Real Name: Paul Frehley
Birthday: April 27, 1951
Married: Jeanette (1 child, Monique)
Ace auditioned for the band after answering an ad reading something to the effect of "Wanted: guitarist with flash and balls." Ace plugged in and jammed with Gene, Paul and Peter on such early KISS songs like "Deuce." They agreed he was "the one" and, with that, he was in the band.
Ace wrote many of the band's classic songs, including "Cold Gin," "Parasite" and the classical-styled intro to "Rock Bottom." Ace never sang any of his songs until 1977, when he finally took over the microphone for "Shock Me." Ace continued to sing on subsequent albums on songs such as "2000 Man" (a Rolling Stones cover), "Save Your Love," "Talk to Me," "Two Sides of the Coin," "Torpedo Girl," and "Dark Light."
When the band recorded and released solo albums in 1978, Ace's was the most successful and was the only one to spawn a hit single ("New York Groove" - which was a Top 20 hit). This led to the first stirrings of unhappiness within the band. Feeling that he deserved more attention than he was getting in KISS, he longed to leave the band for what he felt would be greener pastures.
Gene Simmons and Paul Stanley both kept Ace in the band for as long as they could, but when Peter Criss left the band in 1980, under similar circumstances (Criss had written the band's biggest hit, "Beth"), Ace found it hard to stay motivated. Frequently out-voted in band decisions, he felt his role within the band was diminished further.
Increasingly, Ace turned his attention away from the band's interests to pursue his own (which, unfortunately, led to some self-destructive behavior.) The last nail in the coffin was a series of disagreements with producer Bob Ezrin, during the recording of Music from 'The Elder,' when many of what Ace felt were his best solos in years were removed from the album. Ace had wanted to take the band back to their rock 'n' roll roots, but they'd opted to make a concept album. Ace couldn't be unhappier.
Ace left the band in 1982 right after a promotional tour for Creatures of the Night, an album on which he does not play. (He was featured on the album's original cover, but nowhere on the album will you hear him.) The official reason for departure was an auto-accident. The accident probably prevented him from recording, but not from staying with the band. The real reason probably had to more to do with what caused the accident: alcohol and unhappiness.
Because half of Ace's income from songwriting would go to KISS until 1984, Ace kept a low-profile until 1985 when he began a club tour of the East Coast. Performing a mix of new tunes and KISS classics, Frehley seemed to be re-energized and ready to rock and roll again.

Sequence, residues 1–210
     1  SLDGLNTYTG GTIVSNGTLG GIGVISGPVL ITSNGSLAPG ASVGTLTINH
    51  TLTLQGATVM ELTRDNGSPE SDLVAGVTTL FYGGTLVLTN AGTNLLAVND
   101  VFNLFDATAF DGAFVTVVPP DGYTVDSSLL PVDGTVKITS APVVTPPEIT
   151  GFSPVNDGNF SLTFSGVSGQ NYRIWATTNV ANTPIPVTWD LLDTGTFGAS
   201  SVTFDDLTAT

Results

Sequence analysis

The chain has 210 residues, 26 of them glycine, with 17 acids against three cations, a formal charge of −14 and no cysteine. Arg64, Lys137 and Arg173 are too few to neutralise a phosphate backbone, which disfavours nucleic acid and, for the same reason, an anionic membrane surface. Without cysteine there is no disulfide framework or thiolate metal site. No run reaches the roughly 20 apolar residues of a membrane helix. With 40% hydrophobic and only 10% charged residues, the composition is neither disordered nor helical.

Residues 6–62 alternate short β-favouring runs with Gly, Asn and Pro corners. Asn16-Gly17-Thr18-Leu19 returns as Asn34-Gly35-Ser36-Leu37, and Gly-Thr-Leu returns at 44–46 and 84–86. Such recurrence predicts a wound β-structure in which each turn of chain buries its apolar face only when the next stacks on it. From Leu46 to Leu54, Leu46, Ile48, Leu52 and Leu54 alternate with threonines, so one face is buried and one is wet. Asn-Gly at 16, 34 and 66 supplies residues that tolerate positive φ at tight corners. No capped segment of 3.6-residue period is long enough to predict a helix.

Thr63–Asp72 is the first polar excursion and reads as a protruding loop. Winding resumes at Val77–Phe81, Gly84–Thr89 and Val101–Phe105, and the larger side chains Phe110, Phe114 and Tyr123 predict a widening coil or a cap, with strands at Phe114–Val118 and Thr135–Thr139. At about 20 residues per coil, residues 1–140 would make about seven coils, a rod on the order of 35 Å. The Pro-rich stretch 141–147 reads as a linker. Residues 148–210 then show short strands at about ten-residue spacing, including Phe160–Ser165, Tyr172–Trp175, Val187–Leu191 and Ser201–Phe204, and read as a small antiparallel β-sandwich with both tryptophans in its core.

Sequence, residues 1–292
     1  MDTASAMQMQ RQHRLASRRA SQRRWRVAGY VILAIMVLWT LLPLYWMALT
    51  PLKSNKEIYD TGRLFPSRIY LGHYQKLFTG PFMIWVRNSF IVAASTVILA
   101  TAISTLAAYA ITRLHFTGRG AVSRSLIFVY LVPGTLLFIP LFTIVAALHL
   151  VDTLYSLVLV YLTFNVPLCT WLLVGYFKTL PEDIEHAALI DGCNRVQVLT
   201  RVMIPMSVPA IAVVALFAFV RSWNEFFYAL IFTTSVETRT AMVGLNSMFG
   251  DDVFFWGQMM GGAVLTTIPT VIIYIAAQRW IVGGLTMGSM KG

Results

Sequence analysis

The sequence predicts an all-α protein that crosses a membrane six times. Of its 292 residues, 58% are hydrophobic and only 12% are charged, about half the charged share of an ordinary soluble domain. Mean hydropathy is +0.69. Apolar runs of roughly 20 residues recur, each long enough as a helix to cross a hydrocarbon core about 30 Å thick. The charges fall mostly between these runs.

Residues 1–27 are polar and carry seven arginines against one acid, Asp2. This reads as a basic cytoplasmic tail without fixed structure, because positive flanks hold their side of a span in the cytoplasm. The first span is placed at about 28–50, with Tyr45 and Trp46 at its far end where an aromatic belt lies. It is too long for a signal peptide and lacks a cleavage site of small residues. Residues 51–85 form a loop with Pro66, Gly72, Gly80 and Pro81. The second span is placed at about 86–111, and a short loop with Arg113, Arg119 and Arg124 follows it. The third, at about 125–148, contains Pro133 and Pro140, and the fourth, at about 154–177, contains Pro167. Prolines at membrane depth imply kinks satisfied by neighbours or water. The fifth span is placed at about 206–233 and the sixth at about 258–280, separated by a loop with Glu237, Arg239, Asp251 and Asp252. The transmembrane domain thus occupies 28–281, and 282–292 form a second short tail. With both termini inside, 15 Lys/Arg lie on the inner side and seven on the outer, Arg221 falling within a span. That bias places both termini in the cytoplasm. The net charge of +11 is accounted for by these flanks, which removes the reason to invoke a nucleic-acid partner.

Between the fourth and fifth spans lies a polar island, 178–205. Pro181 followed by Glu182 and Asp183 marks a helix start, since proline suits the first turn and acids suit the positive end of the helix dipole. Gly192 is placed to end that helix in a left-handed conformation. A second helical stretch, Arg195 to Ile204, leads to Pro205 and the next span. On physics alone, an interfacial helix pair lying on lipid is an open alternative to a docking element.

Ace signed a record deal with Bronze Records, but the label folded before any album could be released. In 1987, Ace signed with Jon Zazula's Megaforce Records, who had a distribution deal with Atlantic Records. Frehley's Comet, the first album released under this deal went gold fairly easily. Sales, however, tapered off with each subsequent release. Ace lost his recording contract with Megaforce following 1989's Trouble Walkin', which many fans consider to be the most confident of his post-KISS releases.
Before the KISS reunion, Ace had continued to tour the Atlantic coast and Mid-West regions" just for fun." He toured with Peter Criss in late '94 and early '95 on the "Bad Boys of KISS" tour. During this tour, Ace performed a song called "Sisters," which he said was to be included on a new, forthcoming album. No record deal was officially announced, but it was rumored that Ace had received a deal with the same record company that had released Peter Criss' 1994 album, Cat #1, Tony Nicole Tony (TNT) Records.
Although his past with KISS was fairly rocky, most fans, and, probably, Paul and Gene, will tell you that Ace's guitar playing was what gave KISS their signature sound and edge. Ace's many replacements may have attempted to play his solos note-for-note, but it was never quite the same as having Ace play them.
Now, with a clean and sober Ace playing his solos better than ever, KISS has its muscular, classic sound back where it belongs. The band returned to the studio in January, 1998 to record the first new album with the original line-up since 1979. Psycho Circus was produced by Bruce Fairbairn and released on September 22, 1998. It entered the Billboard charts at #3 with a bullet.
In 1997, Ace's old record label, Megaforce Records, released a compliation of some of Ace's best material from his solo career. The disc, entitled 12 Picks, included a free promotional guitar pick with the first 30,000 copies. Its success spawned a follow-up release, Loaded Deck, which was released in January, 1998. Several tribute albums were also released to varying degrees of success.